Benjamin Tucker Benjamin Ricketson Tucker (; April 17, 1854 – June 22, 1939) was an American anarchist Anarchism is a political philosophy and Political movement, movement that is sceptical of authority and rejects all involuntary, coercive forms of hie ...

Benjamin Tucker
saw themselves as economic free-market socialists and political individualists while arguing that their "anarchistic socialism" or "individual anarchism" was "consistent Manchesterism".


Socialism

Various forms of
socialism Socialism is a political Politics (from , ) is the set of activities that are associated with Decision-making, making decisions in Social group, groups, or other forms of Power (social and political), power relations between individuals, ...
based on free markets have existed since the 19th century. Early notable socialist proponents of free markets include Pierre-Joseph Proudhon,
Benjamin Tucker Benjamin Ricketson Tucker (; April 17, 1854 – June 22, 1939) was an American anarchist Anarchism is a political philosophy and Political movement, movement that is sceptical of authority and rejects all involuntary, coercive forms of hie ...

Benjamin Tucker
and the Ricardian socialists. These economists believed that genuinely free markets and
voluntary exchangeVoluntary exchange is the act of buyer Procurement is the process of finding and agreeing to terms, and acquiring goods, services, or works from an external source, often via a tendering or competitive bidding process. Procurement generally inv ...
could not exist within the Exploitation (Marxism), exploitative conditions of Capitalist mode of production (Marxist theory), capitalism. These proposals ranged from various forms of worker cooperatives operating in a free-market economy such as the Mutualism (economic theory), mutualist system proposed by Proudhon, to state-owned enterprises operating in unregulated and open markets. These models of socialism are not to be confused with other forms of market socialism (e.g. the Lange model) where publicly owned enterprises are coordinated by various degrees of
economic planning Economic planning is a resource allocation In economics Economics () is the social science that studies how people interact with value; in particular, the Production (economics), production, distribution (economics), distribution, and Co ...
, or where capital good prices are determined through marginal cost pricing. Advocates of free-market socialism such as Jaroslav Vanek argue that genuinely free markets are not possible under conditions of private ownership of productive property. Instead, he contends that the class differences and inequalities in income and power that result from private ownership enable the interests of the dominant class to skew the market to their favor, either in the form of monopoly and market power, or by utilizing their wealth and resources to legislate government policies that benefit their specific business interests. Additionally, Vanek states that workers in a socialist economy based on cooperative and self-managed enterprises have stronger incentives to maximize productivity because they would receive a share of the profits (based on the overall performance of their enterprise) in addition to receiving their fixed wage or salary. The stronger incentives to maximize productivity that he conceives as possible in a socialist economy based on cooperative and self-managed enterprises might be accomplished in a free-market economy if employee-owned companies were the norm as envisioned by various thinkers including Louis O. Kelso and James S. Albus. Socialists also assert that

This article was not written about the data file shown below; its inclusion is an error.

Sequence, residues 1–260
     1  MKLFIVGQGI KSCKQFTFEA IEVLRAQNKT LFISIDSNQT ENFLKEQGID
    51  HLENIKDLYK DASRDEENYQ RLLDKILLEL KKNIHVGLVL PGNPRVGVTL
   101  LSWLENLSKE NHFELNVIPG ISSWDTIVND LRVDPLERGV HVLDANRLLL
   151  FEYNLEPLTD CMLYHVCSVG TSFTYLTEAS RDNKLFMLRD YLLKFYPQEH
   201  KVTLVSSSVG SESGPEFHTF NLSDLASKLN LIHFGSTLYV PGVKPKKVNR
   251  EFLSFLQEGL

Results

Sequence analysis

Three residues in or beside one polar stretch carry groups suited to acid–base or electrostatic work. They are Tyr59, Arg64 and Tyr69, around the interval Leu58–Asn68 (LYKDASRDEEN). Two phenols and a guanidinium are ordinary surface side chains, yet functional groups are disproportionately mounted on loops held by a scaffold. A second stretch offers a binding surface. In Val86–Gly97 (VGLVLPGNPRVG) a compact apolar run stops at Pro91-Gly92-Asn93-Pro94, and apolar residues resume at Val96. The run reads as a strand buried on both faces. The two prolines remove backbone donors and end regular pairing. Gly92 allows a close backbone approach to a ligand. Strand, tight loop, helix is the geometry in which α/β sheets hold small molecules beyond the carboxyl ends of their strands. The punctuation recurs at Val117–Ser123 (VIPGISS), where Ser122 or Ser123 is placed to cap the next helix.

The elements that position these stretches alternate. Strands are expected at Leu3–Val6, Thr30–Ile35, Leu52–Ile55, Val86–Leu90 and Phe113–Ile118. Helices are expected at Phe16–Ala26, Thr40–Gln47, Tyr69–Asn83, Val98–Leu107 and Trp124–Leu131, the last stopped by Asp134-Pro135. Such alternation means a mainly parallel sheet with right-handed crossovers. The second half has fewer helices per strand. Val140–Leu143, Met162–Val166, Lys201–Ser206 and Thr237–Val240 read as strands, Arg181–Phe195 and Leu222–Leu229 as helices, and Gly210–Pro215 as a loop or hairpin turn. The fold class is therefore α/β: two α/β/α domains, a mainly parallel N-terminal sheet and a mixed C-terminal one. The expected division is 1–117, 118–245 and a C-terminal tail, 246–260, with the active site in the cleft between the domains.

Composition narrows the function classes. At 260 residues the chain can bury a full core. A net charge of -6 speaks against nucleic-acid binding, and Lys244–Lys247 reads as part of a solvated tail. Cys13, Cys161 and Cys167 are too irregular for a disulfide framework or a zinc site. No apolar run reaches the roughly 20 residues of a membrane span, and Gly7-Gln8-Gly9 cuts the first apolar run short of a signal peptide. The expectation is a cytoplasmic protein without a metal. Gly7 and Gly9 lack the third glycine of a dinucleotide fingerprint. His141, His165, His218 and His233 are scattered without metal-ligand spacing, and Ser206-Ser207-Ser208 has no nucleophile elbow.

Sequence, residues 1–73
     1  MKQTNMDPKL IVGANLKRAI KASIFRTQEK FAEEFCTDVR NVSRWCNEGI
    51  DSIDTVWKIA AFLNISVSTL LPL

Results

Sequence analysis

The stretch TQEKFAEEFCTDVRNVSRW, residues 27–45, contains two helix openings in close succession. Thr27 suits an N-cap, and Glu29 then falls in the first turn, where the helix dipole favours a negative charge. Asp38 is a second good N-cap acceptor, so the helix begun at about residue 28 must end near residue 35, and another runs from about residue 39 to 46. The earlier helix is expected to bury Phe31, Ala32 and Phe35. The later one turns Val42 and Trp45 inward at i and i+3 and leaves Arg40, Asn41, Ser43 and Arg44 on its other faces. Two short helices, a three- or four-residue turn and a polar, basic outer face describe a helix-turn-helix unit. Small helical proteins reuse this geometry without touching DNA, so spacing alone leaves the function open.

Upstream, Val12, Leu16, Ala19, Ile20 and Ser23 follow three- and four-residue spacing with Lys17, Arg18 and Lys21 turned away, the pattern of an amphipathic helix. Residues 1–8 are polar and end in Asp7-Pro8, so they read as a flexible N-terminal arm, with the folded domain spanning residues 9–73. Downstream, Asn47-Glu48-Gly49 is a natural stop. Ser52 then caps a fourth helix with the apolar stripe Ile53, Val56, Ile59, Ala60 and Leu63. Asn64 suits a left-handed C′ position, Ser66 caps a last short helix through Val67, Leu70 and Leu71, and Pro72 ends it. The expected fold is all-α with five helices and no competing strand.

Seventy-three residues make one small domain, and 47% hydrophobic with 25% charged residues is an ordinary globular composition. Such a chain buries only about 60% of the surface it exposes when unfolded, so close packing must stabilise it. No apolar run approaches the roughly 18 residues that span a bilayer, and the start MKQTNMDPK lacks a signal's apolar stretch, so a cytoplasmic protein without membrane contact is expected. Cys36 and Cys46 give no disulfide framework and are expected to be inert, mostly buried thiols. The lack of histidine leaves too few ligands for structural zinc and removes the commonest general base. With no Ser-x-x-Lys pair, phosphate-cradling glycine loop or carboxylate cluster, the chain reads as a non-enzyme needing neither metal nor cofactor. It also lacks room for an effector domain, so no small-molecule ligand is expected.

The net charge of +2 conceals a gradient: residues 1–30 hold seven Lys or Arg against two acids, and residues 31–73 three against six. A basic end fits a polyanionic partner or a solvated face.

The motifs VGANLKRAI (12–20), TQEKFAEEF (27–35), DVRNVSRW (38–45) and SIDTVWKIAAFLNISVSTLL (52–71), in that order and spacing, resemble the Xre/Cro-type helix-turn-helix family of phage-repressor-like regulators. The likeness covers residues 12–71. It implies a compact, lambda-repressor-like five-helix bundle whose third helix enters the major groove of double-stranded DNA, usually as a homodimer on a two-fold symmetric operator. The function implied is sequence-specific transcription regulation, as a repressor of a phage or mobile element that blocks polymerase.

free-market capitalism A market economy is an economic system in which the decisions regarding investment, Production (economics), production and Distribution (economics), distribution are guided by the price signals created by the forces of supply and demand. The maj ...
leads to an excessively skewed distributions of income and economic instabilities which in turn leads to social instability. Corrective measures in the form of social welfare, re-distributive taxation and regulatory measures and their associated administrative costs which are required create agency costs for society. These costs would not be required in a self-managed socialist economy.''The Political Economy of Socialism'', by Horvat, Branko (1982), pp. 197–98.


Concepts


Economic equilibrium

With varying degrees of mathematical rigor over time, the
general equilibrium theory In economics, general equilibrium theory attempts to explain the behavior of supply, demand, and prices in a whole economy with several or many interacting markets, by seeking to prove that the interaction of demand and supply will result in an ove ...
has demonstrated that under certain conditions of Perfect Competition, competition the law of
supply and demand In microeconomics Microeconomics is a branch of that studies the behavior of individuals and in making decisions regarding the allocation of and the interactions among these individuals and firms. Microeconomics focuses on the study ...

supply and demand
predominates in this ideal free and competitive market, influencing prices toward an
equilibrium List of types of equilibrium, the condition of a system in which all competing influences are balanced, in a wide variety of contexts. Equilibrium may also refer to: Film and television * Equilibrium (film), ''Equilibrium'' (film), a 2002 scien ...
that balances the demands for the products against the supplies. At these equilibrium prices, the market distributes the products to the purchasers according to each purchaser's preference or utility for each product and within the relative limits of each buyer's purchasing power. This result is described as market efficiency, or more specifically a Pareto optimum. This equilibrating behavior of free markets requires certain assumptions about their agents—collectively known as